By now you are probably aware that I have a particular passion for all things music. Friends and family taught me long ago to appreciate all types of music from classical, to rock, folk and bluegrass. It is easy to slide in a CD and listen to any genre’ you may like today, but it is so cool to actually get in there and pick and sing with other folks. And it is nice to visit alongside the truck bed when you have the chance.
Every summer there are many opportunities to meet up with friends you may not have seen in months, or even years. One such event would be the California Bluegrass Association’s Bluegrass Festival at Grass Valley, CA. The Nevada County Fairgrounds is a beautiful place this time of year. I always enjoy the tall pines there in the campground. I think that campground pickin’ may be my favorite way to share the music because you can walk around and visit all day (or night) and re-kindle relationships with so many great musicians. Thousands of people come out every year, and have done so for decades.
It is always great to get into a jam session with a group of people who just happen to know many of the same songs as you do. It is kind of funny though. Many times you pick with folks and never even learn their name. Sometimes there is just not an opportunity for introductions because the music is already happening when you walk up and join in. You don’t just stop the music and start yakking. This situation can repeat itself year after year. I think because there are only so many hours in the weekend, people tend to center on playing as much music as possible, with little or no regard for names or occupations.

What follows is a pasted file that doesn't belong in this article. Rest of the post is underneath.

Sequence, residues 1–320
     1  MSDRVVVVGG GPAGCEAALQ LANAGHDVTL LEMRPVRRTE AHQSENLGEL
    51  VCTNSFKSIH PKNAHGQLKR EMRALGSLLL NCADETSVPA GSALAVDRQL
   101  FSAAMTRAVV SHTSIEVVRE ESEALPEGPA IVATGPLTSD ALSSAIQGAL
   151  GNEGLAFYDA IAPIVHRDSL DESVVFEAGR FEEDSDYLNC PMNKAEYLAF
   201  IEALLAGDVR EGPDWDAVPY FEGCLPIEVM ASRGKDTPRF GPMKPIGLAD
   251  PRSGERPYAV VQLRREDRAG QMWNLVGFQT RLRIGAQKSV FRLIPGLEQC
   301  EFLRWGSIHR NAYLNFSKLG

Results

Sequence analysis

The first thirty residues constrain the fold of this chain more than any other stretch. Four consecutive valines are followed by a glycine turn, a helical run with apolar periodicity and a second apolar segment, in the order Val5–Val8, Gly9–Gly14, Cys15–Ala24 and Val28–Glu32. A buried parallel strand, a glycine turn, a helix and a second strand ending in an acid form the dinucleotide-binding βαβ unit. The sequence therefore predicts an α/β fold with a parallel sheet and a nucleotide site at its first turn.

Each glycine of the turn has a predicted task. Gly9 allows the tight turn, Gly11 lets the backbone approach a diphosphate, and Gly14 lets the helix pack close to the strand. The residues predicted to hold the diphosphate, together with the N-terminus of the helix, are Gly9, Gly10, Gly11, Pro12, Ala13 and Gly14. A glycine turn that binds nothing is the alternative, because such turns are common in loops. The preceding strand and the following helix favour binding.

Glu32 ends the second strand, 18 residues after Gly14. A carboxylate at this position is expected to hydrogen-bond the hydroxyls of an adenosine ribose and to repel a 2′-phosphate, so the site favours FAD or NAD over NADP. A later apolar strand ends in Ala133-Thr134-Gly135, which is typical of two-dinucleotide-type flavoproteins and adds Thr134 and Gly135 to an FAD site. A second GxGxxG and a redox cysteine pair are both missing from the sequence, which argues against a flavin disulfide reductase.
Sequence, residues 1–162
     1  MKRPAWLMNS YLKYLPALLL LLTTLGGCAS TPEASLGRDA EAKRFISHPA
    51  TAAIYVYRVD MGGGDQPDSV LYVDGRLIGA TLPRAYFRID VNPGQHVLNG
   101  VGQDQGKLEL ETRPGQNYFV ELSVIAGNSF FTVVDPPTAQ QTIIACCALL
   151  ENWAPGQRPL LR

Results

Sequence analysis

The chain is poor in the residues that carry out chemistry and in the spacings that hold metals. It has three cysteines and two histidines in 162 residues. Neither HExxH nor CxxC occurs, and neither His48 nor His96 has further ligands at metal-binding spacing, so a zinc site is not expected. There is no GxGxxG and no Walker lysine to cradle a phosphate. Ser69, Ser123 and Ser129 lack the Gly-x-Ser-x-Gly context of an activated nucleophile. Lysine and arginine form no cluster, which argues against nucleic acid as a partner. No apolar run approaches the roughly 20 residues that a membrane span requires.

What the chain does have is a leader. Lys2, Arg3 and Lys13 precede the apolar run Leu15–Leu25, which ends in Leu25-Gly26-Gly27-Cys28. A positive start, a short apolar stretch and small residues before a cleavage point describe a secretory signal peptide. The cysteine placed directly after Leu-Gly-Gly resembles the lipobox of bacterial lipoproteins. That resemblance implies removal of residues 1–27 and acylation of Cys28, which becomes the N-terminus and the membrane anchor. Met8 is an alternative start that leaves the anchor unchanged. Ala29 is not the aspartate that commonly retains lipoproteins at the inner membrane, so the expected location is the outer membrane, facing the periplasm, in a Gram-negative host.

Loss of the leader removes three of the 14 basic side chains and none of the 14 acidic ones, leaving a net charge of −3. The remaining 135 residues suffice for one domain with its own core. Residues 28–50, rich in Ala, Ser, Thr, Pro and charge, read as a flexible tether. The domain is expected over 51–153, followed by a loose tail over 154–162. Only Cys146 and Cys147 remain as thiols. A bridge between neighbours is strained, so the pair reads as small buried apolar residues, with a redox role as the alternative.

You can’t really tell much by looking at people either. I am frequently surprised to learn “the story” about someone after playing with them year after year. It is totally possible to share the love with a virtuoso fiddle player who just hooked a ride to the festival directly from a homeless shelter. Tent camping in the pines is a step up for him. I have also sat down in front of a high-dollar motor home and taught a few chords to a beginning guitar player who turned out to be a brain surgeon! My point is, none of that matters much.
What does matter is that you get that dusty old instrument out of the case once in a while and get out there and pick! If you see me weavin’ through the pines, just snag me aside and let’s play a tune! Oh, and if you must, wear a name tag that shows your occupation, not that anyone cares!